With increasing population and subsequently food demand, the arable land is limited and this will result into food crisis. Naturally, the demand for textile fibres will also increase. But in future, cotton production will be stagnant because of the limited availability of arable land.

Regenerated cellulose fibers are not new to the world of textile fibers but they are probably the most misunderstood of all fibres. It is not a natural fibre, yet it is not synthetic. It is a fibre formed by regenerating materials of natural origin into a usable form and hence regenerated cellulosic fibre.

Viscose is an ideal substitute for cotton because of their physiological advantages when viewed in comparison to synthetic fibers. The physiological performance of cellulose fibres - cotton or man-made - is unmatched by any other man-made fibre.

They are hydrophilic and stand for absorbency and breathability. These inherent physiological fibre properties are ideal for moisture management. This function ensures an adequate temperature balance on the skin, especially where textiles touch the skin.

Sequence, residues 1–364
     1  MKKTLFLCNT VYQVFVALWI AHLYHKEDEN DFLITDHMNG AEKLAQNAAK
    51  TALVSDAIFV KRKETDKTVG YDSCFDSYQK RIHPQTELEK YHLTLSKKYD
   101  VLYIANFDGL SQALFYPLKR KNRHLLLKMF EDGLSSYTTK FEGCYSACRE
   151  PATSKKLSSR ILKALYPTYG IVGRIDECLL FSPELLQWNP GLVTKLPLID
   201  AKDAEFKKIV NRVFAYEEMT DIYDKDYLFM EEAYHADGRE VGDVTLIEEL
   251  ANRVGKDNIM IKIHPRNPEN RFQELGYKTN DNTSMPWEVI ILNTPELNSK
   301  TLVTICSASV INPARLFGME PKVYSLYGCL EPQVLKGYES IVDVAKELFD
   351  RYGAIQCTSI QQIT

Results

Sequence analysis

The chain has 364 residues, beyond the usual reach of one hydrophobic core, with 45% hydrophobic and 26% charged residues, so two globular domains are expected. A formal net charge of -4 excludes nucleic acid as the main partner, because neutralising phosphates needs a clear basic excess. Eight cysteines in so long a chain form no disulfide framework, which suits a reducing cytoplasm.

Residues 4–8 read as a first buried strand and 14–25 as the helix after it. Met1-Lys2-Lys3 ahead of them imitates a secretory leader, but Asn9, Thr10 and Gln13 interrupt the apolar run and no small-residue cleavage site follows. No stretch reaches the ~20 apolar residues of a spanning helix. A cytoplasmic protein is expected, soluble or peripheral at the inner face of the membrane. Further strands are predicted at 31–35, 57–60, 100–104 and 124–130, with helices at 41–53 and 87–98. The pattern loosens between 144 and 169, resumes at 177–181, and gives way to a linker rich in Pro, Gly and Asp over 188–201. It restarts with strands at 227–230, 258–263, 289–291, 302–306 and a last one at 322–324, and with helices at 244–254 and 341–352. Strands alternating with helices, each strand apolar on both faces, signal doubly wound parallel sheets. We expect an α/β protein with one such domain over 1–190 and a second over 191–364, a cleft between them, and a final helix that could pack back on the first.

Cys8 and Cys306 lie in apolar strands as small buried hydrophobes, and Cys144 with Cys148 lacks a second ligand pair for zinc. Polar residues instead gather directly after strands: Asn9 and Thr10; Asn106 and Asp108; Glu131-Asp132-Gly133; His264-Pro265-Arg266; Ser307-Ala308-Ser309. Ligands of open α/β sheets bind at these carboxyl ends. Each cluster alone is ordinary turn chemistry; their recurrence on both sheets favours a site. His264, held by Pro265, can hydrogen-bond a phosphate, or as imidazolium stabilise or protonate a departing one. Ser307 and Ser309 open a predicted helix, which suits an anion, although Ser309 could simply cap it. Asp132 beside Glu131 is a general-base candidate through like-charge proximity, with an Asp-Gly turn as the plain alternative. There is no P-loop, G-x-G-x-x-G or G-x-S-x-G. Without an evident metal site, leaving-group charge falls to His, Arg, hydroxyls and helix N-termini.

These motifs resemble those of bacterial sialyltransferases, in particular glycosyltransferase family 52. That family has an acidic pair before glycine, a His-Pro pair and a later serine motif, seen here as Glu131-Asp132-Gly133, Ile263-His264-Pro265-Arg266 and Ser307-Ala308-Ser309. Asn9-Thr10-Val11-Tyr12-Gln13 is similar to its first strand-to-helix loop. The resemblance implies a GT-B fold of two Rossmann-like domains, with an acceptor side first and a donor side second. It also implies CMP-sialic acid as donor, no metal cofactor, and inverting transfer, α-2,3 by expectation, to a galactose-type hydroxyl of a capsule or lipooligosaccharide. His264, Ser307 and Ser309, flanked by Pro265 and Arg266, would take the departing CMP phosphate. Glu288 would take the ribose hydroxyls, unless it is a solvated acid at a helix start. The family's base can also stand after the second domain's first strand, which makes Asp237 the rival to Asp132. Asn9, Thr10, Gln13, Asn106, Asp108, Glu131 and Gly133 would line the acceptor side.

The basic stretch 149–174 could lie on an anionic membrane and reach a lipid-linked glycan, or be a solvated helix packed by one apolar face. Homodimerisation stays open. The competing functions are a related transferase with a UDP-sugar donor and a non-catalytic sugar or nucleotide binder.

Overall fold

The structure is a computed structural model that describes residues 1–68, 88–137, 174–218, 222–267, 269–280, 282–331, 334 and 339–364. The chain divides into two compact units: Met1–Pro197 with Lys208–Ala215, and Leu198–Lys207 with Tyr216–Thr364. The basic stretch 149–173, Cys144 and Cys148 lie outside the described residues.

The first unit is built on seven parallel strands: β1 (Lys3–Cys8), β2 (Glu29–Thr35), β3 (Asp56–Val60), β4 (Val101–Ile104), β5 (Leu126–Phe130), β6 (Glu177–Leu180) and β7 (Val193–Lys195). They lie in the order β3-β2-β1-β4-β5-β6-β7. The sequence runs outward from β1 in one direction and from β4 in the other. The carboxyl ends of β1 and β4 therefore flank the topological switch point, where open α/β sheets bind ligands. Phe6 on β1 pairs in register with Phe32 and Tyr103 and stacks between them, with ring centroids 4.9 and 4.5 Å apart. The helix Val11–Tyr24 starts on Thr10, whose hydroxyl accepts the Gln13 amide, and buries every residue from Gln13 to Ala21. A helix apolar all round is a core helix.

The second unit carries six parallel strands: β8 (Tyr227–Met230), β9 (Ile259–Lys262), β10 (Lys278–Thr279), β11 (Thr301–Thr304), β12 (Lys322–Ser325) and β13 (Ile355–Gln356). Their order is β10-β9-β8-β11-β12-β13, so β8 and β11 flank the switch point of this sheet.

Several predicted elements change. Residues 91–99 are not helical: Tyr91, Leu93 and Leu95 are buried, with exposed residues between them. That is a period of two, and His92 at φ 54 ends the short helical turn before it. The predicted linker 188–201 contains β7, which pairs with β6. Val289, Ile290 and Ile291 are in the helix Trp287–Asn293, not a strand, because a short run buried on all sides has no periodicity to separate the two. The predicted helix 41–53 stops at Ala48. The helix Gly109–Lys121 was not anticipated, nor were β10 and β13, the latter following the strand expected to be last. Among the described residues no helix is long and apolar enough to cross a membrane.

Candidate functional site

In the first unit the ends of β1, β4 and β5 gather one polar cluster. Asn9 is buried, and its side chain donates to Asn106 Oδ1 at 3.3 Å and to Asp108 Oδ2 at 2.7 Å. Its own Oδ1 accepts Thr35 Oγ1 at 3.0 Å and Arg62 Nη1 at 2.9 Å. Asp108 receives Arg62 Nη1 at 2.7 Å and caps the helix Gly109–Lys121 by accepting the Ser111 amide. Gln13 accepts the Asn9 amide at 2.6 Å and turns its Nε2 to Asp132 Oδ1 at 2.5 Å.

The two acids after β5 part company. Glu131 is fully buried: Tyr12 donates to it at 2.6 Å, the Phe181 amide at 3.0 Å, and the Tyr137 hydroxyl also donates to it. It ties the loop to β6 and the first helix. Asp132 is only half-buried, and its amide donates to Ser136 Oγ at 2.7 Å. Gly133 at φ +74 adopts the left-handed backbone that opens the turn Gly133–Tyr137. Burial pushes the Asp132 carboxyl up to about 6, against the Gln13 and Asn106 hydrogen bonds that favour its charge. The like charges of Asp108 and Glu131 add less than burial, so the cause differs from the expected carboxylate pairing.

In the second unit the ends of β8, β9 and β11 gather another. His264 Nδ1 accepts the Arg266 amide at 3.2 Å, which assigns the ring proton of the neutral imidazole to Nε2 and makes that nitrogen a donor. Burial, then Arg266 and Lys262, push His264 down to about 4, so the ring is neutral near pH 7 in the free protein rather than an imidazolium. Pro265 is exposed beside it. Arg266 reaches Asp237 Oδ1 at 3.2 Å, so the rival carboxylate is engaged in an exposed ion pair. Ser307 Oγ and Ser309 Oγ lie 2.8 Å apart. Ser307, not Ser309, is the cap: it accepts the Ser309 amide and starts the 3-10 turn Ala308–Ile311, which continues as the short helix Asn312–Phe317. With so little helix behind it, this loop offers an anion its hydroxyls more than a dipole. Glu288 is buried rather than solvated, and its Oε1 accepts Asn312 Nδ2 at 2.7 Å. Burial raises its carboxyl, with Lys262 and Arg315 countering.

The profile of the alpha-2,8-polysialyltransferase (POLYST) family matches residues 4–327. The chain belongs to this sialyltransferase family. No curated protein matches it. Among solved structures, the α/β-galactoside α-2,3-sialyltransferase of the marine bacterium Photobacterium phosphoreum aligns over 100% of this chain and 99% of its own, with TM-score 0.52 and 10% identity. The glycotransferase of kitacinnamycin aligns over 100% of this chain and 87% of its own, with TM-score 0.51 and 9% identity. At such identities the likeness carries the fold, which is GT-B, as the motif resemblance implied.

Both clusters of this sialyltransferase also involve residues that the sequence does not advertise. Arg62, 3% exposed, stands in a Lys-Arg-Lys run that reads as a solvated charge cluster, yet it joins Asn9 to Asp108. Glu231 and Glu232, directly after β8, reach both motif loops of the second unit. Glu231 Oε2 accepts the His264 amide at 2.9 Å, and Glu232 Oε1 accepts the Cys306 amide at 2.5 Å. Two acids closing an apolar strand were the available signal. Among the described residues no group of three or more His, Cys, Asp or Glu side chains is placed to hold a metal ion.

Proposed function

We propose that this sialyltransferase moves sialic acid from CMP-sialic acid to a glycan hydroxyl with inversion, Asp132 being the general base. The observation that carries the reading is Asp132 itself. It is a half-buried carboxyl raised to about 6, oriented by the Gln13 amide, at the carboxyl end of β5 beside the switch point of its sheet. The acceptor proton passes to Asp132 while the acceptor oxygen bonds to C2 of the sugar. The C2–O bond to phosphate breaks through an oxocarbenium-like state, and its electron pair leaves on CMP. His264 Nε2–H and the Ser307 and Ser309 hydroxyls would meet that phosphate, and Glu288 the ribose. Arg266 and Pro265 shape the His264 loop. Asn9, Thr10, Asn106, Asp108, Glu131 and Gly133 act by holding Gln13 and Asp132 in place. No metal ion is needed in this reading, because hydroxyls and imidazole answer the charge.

Compared to natural fibres, viscose fibres can be modified in its thickness and other properties like length. Viscose fibre however, in combination with its ability of moisture absorbance and fine fineness offer the best wearing comfort of all fibres. Also, these fibers are easily dyed in a wide range of colours.

Different to petroleum-based synthetic fibres (polyester etc) viscose fibres are ideal in all fields of application; whether in the textile or garment industry for woven and knitted fabrics or in nonwovens & industrial products.


Regenerated cellulose fibres are extremely sustainable fibres. These high-purity cellulose fibres are obtained from sustainably managed forests.

Compared with cotton, wood has the advantages of low water consumption, reduced pesticide use and produces up to 10 times the amount of cellulose per hectare and these fibres are 100% biodegradable. In comparison to cotton, regenerated cellulose fibers they have some important assets:

  • No arable land is necessary,
  • Less water consumption,
  • No input of pesticides and fertilizers.

Global Viscose Scenario:

An increase in world population and global GDP, growing fiber demand per capita and the stagnation or reduction of arable land for cotton growing are all factors that will affect the ability of cotton to meet the global requirements.

The demand for viscose has increased by CAGR of 11% in the last five years (2008-12). Thus, the viscose fibre business has annual average growth rates exceeding many other fibres including polyester staple.